Addressing Climate Change with Local Food

Tuesday, December 13, 2016

Local food is a powerful tool for improving health, local economies, social justice, and the environment—especially climate.  It is one of the most positive, effective, and enjoyable ways of addressing climate change, and can readily engage all people in your community in this effort.

What Can You Do?

Reduce greenhouse gases by eating more sustainably:
  • Eat local and choose from farmers using organic practices, building soil, using energy and water wisely, & restoring biodiversity.
  • Eat foods in season—keep the exceptions just that, not the rule.
  • Grow as much of your own food that you can.
  • Strive for near-, certified-, or beyond-organic foods—not perfect but the best way to protect soil, water, wildlife, ecosystems, and thereby the climate.
  • Avoid industrial meat and dairy products.
  • Avoid foods shipped by air, excessive packaging, and unnecessary shopping trips by car.
  • Store food at home as energy-efficiently as possible.
  • More at Climate Friendly Food Systems and Choosing Good Food.
 
Learn how you, or the farmer you buy from, can improve soils to hold more carbon, water, and fertility—and use water and energy more efficiently:
 
Improve local, state, and federal policies so local sustainable food systems can thrive
 
  • Consider the health of your local foodshed including surrounding ecosystems: Map Your Local Foodshed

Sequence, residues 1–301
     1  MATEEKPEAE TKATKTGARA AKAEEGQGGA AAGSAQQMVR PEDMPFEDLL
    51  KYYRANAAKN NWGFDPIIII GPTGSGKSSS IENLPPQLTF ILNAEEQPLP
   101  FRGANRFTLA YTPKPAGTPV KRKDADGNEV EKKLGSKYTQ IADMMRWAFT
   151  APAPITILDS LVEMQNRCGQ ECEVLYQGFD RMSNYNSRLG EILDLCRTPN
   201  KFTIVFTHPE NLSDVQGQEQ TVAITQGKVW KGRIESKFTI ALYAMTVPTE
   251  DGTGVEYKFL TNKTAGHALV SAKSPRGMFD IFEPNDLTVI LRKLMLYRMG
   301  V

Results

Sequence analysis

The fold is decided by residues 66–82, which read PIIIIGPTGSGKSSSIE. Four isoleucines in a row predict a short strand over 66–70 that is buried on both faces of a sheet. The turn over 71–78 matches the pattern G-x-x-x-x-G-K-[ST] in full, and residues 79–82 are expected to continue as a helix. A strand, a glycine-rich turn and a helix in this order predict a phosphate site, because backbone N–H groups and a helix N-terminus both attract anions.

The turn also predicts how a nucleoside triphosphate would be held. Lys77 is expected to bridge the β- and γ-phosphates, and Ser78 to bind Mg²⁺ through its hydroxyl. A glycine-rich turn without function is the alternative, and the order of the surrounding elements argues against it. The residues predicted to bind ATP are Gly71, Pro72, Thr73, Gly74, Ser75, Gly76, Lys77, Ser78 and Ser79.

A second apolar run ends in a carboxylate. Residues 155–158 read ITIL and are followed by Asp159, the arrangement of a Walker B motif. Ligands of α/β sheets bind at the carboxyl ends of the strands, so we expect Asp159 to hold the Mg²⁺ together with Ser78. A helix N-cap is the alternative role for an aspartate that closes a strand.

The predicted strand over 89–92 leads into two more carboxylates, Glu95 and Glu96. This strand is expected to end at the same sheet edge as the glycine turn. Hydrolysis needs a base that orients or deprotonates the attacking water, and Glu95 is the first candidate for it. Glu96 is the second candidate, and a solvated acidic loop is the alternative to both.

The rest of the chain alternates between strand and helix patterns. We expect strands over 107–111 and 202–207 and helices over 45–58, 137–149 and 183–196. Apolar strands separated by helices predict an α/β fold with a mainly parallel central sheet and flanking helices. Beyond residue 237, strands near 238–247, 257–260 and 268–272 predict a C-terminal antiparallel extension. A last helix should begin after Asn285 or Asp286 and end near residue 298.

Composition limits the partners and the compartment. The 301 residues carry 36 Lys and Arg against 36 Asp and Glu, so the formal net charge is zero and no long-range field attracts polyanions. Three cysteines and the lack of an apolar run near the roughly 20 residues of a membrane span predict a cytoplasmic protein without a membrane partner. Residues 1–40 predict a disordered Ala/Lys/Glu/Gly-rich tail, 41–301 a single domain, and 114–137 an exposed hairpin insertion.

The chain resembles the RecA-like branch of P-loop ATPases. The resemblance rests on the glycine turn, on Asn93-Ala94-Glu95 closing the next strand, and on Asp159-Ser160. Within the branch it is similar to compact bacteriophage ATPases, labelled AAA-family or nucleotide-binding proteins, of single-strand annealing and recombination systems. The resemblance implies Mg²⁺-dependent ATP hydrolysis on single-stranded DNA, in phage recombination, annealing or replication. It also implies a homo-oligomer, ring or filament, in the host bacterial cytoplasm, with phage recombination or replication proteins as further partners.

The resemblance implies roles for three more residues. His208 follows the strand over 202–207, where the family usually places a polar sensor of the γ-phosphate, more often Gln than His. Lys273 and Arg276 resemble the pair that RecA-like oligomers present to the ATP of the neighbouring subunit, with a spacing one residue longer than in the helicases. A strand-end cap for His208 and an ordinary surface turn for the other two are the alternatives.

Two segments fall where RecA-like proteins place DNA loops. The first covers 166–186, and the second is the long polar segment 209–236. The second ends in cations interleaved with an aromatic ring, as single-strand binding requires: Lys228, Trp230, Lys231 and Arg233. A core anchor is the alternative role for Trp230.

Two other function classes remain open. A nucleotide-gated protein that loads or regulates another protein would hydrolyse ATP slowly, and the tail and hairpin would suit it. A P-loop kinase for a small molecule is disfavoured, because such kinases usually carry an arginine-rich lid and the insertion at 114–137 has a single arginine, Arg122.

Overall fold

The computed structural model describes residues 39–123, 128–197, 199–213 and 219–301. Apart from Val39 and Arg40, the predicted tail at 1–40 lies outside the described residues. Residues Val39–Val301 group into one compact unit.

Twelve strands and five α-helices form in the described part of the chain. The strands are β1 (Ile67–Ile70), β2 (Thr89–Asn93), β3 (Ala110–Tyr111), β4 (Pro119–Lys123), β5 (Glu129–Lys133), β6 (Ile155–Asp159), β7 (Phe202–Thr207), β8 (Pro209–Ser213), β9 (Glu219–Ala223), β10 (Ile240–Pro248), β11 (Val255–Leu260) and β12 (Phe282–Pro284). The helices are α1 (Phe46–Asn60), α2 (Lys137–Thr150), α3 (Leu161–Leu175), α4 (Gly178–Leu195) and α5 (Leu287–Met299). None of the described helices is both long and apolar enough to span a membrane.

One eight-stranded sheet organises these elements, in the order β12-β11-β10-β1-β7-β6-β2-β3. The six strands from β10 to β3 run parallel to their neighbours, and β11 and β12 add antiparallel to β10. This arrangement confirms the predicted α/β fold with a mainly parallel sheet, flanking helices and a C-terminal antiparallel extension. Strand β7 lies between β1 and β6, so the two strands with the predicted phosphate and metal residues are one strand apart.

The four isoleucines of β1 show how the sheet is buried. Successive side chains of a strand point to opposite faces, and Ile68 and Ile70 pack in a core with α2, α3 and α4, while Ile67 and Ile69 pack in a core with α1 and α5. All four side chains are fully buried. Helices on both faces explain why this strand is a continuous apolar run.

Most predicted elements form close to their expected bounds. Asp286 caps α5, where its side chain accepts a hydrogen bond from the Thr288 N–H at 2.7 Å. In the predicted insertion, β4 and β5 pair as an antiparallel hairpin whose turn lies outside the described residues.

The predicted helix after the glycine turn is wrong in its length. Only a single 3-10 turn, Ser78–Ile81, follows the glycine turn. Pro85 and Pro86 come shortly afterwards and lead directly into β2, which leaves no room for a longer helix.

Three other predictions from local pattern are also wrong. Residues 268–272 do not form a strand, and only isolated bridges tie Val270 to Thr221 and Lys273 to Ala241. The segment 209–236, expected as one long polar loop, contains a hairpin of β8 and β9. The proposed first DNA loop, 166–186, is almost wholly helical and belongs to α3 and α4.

• Observe indicators of foodshed health and monitor for changes: Monitoring Your Local Foodshed
  • Submit observations of weather, pollinators, birds, etc as Citizen Scientists to learn and contribute to solutions: Observing Indicators of Foodshed Health
  • Adapt your local foodshed and food system to be climate-adapted and friendly: Adapting Your Local Foodshed
    • Include local food in your local climate planning.
    • Include climate change in your local food planning and assessments.
    • Include climate and local food in city and county planning.
    • Include local food as a restorative tool in environmental planning.
  • In cases where “climate change” is not an easy subject to discuss, try other pathways:
    • Engage people in simply monitoring weather, seasonal changes, drought, birds, etc—climate change will become apparent.
    • Make the focus on protecting wildlife and restoring biodiversity in soils, in farms, ranches, and gardens, and in surroundings—again, climate change will become apparent and most solutions are the same: Addressing Biodiversity with Local Food.

Connecting the Dots Between Food and Climate in Your Community (pdf): Jim Dyer’s perspectives from our local EPA Project with suggestions for a community-based program to use local food and sustainable production to fight climate change.

More Complete List of Strategies

See Potential Measures List for producers, consumers, processors, policymakers, etc.

Resources

See our Climate Change Impacts, Mitigation, & Adaptation page